Browsing named entities in The Daily Dispatch: December 21, 1865., [Electronic resource]. You can also browse the collection for December 20th or search for December 20th in all documents.

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The Daily Dispatch: December 21, 1865., [Electronic resource], President's message.--General Grant's report. (search)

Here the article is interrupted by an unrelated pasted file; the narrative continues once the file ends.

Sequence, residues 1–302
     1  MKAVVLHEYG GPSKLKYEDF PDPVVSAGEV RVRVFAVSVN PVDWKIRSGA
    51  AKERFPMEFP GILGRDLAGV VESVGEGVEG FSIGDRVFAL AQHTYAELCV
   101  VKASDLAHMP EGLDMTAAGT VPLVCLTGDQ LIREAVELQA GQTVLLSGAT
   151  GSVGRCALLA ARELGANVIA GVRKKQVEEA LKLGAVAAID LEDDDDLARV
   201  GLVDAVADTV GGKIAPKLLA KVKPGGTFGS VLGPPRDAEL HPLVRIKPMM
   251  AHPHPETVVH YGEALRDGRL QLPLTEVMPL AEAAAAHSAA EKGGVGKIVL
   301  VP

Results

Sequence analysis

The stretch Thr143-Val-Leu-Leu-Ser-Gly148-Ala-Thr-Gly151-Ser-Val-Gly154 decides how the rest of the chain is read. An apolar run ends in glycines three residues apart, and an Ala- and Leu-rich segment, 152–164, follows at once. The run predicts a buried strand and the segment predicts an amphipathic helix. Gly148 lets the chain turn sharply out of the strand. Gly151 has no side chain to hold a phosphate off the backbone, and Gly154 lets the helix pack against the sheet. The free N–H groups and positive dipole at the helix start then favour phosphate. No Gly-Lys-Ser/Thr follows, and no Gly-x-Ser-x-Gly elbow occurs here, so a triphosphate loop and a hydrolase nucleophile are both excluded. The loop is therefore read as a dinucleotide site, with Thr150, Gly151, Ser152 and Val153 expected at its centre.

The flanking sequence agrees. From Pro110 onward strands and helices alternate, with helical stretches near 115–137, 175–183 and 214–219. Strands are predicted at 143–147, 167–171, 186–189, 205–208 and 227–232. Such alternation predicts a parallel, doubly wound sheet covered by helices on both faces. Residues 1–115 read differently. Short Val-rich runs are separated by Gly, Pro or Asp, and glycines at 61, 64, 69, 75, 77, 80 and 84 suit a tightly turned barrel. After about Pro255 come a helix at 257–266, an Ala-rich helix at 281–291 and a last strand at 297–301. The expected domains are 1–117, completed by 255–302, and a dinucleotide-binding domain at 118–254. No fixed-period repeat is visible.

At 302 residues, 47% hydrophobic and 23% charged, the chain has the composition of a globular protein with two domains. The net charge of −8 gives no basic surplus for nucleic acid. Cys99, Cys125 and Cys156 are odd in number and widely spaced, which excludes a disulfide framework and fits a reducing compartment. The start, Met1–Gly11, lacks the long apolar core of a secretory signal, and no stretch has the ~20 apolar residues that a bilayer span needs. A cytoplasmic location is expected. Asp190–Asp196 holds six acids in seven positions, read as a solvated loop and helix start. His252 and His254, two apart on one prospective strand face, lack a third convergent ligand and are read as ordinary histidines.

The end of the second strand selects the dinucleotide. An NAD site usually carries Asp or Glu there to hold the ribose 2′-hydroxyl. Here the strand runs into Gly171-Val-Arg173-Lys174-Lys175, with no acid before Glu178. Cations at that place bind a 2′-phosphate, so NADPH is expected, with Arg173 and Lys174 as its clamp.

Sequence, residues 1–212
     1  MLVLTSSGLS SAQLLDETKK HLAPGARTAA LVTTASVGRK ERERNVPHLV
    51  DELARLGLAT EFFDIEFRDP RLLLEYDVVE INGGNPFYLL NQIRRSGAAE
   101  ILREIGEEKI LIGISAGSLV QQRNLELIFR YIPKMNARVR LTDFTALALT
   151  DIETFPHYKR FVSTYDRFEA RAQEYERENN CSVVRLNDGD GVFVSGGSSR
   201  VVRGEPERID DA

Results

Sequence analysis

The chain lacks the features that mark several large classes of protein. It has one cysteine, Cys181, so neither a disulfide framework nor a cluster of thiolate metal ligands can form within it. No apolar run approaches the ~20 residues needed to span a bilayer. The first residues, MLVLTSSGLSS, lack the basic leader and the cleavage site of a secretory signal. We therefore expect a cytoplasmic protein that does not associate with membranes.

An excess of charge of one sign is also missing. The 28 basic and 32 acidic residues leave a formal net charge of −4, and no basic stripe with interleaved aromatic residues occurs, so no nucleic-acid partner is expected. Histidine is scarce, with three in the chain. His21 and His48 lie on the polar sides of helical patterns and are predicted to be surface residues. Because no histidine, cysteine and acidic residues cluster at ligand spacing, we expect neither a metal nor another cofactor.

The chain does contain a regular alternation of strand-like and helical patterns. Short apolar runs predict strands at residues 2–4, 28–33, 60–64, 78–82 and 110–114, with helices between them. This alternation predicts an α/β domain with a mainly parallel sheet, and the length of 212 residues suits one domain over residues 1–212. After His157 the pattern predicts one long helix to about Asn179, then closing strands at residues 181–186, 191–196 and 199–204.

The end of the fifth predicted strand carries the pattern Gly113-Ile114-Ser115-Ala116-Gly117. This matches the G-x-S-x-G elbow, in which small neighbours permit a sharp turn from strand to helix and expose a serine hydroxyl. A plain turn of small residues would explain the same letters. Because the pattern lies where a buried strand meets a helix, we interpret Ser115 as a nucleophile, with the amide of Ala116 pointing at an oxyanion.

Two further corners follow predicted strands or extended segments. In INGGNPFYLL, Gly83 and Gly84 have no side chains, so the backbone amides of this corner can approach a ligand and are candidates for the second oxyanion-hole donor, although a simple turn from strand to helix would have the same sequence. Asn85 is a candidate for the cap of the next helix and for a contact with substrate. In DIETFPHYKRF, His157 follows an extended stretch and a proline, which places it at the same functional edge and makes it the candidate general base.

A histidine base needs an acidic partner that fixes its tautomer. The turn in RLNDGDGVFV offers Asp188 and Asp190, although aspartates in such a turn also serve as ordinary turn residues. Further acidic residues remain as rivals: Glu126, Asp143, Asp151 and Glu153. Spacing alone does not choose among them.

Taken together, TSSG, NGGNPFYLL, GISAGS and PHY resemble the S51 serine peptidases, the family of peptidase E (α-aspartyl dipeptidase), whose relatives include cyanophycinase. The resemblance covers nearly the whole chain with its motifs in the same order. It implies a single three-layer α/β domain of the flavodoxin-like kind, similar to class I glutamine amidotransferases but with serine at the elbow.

Congressional. Washington, December 20. --Senate.--Mr. Morrill reported the bill to regulate the elective franchise in the District of Columbia. Mr. Sumner hoped it would be acted on very soon. The country demanded it. Mr. Davis called Mr. Sumner to order, saying that the bill was not before the Senate for discussion. Mr. Wilson called up the Senate bill to maintain the freedom of the inhabitants of States lately in rebellion. Mr. Sumner addressed the Senate in favor of the bill. He said that when he thought of what occurred in the chamber yesterday, in an attempt to white-wash the unhappy condition of the rebel States, he felt that he ought to speak of nothing else here to-day. He read a number of letters from the South, private and public, to show that the spirit of rebellion still existed. Mr. Saulsbury said that from indications there was to be a split in the Republican party, and if President Johnson stood by the principles of his special mes